The virtue of Magnificence is defined as the mean between paltriness and vulgarity. Paltriness prevails when someone contributes to a cause with a miserly disposition. On the contrary, vulgarity is displayed when someone contributes excessively, much more than is required or expected.
The virtue of Magnanimity is defined as the mean between meekness and vanity. A meek person believes that they do not deserve the great goods/honours while they actually deserves them, whereas a vain person believes that they deserve great goods/honour while they actually do not deserve them. The magnanimous (magnum=great) consider they deserve the greatest goods (wealth, influence, prestige, distinctions etc.) when they indeed deserve them.
Aristotle tells us that even when one knows the general rules concerning good conduct, they may be so consumed by their passions and desires that they fail to see when and where to apply them. A variety of techniques are necessary in dealing with our desires and achieving the mean, but first we have to acknowledge our bad tendencies and correct them.
“Eulogy virtues are much more important than the résumé ones.” – David Brooks
The moral quality of actions is relative to the situation in which one finds themselves. What is proper and right for someone in a given situation, even in similar circumstances, may be quite different from what is right to do in a different situation. Each case must be addressed on its own merits, while the function of reason will determine the productive mean which, in view of the circumstances, would promote a virtuous behaviour.
“Moral life is one of moderation in all things; all things except virtue.” – Aristotle
Virtuous people deserve honours and respect but they avoid vanity and greed, and above all, they maintain an attitude of modesty and honesty in the matter of their own achievements. They are ambitious, in the sense of making the best use of their opportunities and abilities, but they don’t boast of their own greatness nor exaggerate their accomplishments. They bestow and accept honours when these are truly deserved, but without exaggeration, but they will not claim for themselves more than what rightfully belongs to them.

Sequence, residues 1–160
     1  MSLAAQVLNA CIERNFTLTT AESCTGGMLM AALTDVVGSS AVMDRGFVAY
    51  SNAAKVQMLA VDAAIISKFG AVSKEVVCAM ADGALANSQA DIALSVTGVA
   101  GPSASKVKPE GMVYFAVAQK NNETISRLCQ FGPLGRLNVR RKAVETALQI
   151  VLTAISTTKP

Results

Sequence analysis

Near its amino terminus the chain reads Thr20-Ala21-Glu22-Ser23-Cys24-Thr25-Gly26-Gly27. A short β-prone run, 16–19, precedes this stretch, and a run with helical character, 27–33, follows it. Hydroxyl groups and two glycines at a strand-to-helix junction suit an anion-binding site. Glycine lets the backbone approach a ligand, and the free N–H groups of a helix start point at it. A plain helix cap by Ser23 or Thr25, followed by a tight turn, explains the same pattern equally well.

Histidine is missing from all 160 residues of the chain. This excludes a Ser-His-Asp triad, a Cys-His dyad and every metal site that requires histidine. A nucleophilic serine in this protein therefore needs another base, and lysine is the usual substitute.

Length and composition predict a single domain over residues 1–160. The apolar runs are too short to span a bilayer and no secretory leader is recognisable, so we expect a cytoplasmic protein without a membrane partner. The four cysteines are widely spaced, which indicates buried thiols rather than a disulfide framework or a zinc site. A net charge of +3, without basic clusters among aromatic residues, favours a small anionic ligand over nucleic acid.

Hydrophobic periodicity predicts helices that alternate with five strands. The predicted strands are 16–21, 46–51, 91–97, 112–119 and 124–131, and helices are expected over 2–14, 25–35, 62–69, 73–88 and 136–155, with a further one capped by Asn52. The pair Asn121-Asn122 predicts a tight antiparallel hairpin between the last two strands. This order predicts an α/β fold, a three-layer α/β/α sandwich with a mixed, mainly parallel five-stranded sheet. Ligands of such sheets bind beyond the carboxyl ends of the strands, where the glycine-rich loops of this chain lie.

They don’t seek praise and recognition from others a purpose, but neither do they accept slander and defamation without an appropriate reaction. Their ambition is to serve as an example of the good life in their society. They are kind and considerate in their dealings with others, and they live in a manner that will cause them no shame. They rejoice in others’ successes as much as in their own. They avoid violent displays of temper even when they have reasons to be angry.
As wise and prudent persons, they know when anger is appropriate and they are always able to keep it under proper control. They do not vent their feelings when they encounter difficulties but they try to meet each challenge with courage and good judgement. They place a high value on friendship, knowing that relationships of this kind will be of mutual benefit to themselves and to their friends.
“Wonderful people are made, not born. They achieve an unfakeable inner virtue, built slowly from specific moral accomplishments. But if you live for external achievement, years pass and the deepest parts of you go unexplored and unstructured. You lack a moral vocabulary. It is easy to slip into a self-satisfied moral mediocrity. Gradually, a humiliating gap opens between your actual self and your desired self.” – David Brooks
References and further readings:
http://www.nytimes.com/2015/04/12/opinion/sunday/david-brooks-the-moral-bucket-list.html http://academics.triton.edu/uc/files/ni_ethic.html http://www.cliffsnotes.com/literature/e/ethics/about-aristotles-ethics